La Plaine St. Andre – La Grande Maison
Arguably, the best fine-dining restaurant of the entire archipelago, La Grande Maison is located in the historic La Plaine St. Andre, the site of one of southern Mahé’s grand old plantation houses dating back to 1792. Positively dripping history from every pore, La Grande Maison has recently undergone a comprehensive refurbishment, restoring it to its former glory amid gardens evocative of another time.
The restaurant, which forms part of the celebrated Takamaka Rum distillery, takes dining in Seychelles to a new level under the inspired guidance of chef Christelle Verheyden whose creations are a perfect fusion of her own carefully-honed techniques and creativeness à la Creole which makes extensive use of local produce.
Favourites include freshly cut palm heart salad with truffles and curry leaves; red snapper fillet with green mousseline, basil and combats and tuna and foie gras, all complemented by a selection of fine rums and choice imported wines such as the rare red Alicante Suori Mondo ‘Z’acco’ from Tuscany.
The dining experience in this charming old plantation house overlooking gardens of exceptional character will be a memory not soon forgotten.
La Plaine St. Andre, East coast rd, Au Cp. Tel. +248 2522112. www. Lgmssey.com
Nestled in the leafy suburb of Mont Fleuri, just opposite the Botanical Gardens, on the outskirts of the capital Victoria, lies a new Bistro on the top floor of the Alliance Francaise building and run by Seychelles premier supermarket with access to the finest local and international produce.
Serving breakfast and lunch, Le Bistro has struck a chord with local foodies in search of a convenient, characterful place to dine in attractive surrounds that offers value for money. Le Bistro’s simple but appetizing menu includes swordfish rillettes, seafood gazpacho, slow-cooked shoulder of lamb and an excellent island-style tuna curry followed by coconut crèmebrule and coconut mousse with mango jelly.As might be expected of an island like Seychelles and the availability of the finest quality fish, Le Bistro also offers Seychellois grouper bouillabaisse with its fresh homemade rouille.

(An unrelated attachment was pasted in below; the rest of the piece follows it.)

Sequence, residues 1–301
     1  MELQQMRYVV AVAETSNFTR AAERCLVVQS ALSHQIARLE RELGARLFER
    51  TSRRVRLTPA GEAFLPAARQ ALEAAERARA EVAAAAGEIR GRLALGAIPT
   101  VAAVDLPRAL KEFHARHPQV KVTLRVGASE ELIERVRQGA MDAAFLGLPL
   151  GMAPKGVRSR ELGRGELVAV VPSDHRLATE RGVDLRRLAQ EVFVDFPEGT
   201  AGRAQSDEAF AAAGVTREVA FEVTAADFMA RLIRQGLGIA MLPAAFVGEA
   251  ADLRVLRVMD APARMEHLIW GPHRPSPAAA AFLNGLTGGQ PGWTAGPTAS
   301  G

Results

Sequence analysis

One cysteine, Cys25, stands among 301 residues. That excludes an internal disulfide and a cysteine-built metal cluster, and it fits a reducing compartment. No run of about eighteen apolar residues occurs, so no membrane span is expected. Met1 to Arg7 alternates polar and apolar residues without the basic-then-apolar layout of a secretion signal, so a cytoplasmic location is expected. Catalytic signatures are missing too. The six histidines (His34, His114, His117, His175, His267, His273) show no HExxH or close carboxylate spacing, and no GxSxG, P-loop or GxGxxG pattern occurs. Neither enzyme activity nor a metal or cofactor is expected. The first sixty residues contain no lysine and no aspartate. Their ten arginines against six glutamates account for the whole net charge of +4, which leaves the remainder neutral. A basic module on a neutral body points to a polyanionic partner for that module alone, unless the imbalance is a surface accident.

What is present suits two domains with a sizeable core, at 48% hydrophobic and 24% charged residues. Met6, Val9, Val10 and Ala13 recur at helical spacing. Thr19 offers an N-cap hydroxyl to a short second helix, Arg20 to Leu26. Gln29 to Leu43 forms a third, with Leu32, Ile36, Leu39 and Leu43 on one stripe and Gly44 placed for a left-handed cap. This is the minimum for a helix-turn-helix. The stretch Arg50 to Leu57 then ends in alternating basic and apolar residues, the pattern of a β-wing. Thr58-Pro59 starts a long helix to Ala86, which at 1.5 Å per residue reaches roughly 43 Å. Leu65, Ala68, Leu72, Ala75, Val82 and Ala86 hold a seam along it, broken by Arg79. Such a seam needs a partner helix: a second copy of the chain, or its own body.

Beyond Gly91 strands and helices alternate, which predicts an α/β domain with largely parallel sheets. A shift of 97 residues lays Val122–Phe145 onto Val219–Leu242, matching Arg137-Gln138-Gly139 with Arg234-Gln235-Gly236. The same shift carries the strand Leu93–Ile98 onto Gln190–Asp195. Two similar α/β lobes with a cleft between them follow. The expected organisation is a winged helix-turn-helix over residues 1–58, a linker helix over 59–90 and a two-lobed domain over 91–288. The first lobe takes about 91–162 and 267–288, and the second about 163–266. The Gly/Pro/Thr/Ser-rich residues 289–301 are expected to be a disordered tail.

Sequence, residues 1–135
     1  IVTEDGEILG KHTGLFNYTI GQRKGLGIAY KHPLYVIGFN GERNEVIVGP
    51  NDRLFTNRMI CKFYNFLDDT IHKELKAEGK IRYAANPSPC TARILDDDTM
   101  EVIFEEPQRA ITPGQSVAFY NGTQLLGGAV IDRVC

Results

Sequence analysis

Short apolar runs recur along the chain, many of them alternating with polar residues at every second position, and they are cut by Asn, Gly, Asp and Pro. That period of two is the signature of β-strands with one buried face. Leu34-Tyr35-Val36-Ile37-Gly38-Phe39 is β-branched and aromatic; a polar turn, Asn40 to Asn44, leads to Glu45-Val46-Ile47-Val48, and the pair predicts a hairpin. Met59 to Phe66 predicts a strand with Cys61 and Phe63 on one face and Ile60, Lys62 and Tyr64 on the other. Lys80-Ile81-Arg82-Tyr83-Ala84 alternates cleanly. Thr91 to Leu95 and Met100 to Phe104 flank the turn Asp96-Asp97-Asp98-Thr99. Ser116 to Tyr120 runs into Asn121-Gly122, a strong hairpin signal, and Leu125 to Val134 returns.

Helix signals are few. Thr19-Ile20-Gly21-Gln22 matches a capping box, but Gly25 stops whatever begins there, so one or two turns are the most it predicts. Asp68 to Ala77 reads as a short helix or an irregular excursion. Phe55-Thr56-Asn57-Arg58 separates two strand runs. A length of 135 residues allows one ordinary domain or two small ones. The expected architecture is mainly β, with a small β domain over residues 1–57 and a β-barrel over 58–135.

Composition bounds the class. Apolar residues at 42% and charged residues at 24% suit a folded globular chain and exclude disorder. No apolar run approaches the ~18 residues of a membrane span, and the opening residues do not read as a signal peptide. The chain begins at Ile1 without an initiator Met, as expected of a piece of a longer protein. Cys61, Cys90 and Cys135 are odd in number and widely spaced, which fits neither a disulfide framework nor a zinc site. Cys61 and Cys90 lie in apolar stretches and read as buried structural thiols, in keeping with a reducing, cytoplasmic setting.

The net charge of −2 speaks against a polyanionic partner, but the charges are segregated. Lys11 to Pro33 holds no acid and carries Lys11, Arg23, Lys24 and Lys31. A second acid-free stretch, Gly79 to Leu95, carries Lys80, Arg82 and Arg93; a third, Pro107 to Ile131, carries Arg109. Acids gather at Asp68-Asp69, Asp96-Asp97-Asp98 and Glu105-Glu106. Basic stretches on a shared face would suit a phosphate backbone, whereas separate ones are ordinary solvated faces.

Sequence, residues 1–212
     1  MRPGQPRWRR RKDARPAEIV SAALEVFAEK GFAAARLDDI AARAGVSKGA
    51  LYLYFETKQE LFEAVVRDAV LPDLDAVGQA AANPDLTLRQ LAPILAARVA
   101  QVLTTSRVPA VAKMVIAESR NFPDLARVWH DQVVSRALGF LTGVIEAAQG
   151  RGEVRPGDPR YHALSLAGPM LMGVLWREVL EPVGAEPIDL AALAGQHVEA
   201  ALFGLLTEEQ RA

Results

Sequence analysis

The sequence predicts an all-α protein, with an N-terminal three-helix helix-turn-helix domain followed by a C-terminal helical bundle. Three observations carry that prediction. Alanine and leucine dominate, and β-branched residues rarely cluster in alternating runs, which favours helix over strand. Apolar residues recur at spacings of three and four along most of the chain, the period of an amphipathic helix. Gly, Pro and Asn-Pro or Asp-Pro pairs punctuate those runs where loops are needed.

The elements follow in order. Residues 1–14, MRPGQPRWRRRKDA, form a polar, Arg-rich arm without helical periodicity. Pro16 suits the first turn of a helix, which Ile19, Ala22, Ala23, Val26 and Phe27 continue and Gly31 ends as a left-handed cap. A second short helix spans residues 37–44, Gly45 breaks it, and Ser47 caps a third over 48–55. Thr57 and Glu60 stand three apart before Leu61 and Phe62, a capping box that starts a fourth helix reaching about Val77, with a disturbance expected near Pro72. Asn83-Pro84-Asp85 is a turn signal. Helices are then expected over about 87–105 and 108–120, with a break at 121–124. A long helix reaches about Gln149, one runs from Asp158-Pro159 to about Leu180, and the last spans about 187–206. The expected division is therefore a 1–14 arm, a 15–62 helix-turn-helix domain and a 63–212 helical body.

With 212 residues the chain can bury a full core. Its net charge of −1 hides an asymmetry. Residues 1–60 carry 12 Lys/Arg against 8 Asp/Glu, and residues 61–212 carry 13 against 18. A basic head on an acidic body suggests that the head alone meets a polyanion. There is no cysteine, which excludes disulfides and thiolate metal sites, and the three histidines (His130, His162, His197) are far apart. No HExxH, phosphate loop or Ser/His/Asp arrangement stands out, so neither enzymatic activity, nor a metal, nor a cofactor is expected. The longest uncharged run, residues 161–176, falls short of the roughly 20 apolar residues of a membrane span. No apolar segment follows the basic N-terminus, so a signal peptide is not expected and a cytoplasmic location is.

For those visiting Victoria and looking for a chic, intimate atmosphere and a great menu, Le Bistro will not disappoint. Proposing ‘a taste of France in Seychelles’, top Trip Advisor ratings attest to Le Bistro’s growing popularity especially among those in search of an ideal venue for an ìnformal business lunch with snappy, friendly service or for that rendezvous with a difference.
2nd floor Alliance Francaise Building, Mont Fleuri Rd.Tel.+248 2537803Facebook/LeBistroseychelles
Mahé’s Eden Island is a one stop shop for visitors, offering great scenic views of the marina, shopping opportunities in the island’s only mall and a fine choice of restaurants of which the centrepiece is undoubtedly Bravo! a south African styled bistro with an extensive menu right on the waterfront and with a commanding view of its stunning mountain backdrop.
This is aplace for all the family with a special kiddies’ menu sure to put a smile on young faces almost as wide as their parents as they contemplate a wide range of classic salads, delicious starters, wholesome pizzas, juicy burgers, pastas and awesome seafood stackers, sashimi, curries and platters. You’ll want to stay for dessert which includes sundaes, mousse and cheese and black forest cake. Bravo! alsoserves fresh juices, spirits, cocktails and winesto top off your day at one of the coolest places on the island.
Eden Island. Tel. +248 4346020 Facebook/ Bravo Restaurant